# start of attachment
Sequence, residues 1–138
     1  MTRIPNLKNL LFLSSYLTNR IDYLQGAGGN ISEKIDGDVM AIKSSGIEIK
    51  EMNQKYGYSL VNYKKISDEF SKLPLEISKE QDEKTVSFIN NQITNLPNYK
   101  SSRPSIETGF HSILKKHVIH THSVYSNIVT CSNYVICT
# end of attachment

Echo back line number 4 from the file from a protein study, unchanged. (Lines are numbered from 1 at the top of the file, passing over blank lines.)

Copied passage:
   101  SSRPSIETGF HSILKKHVIH THSVYSNIVT CSNYVICT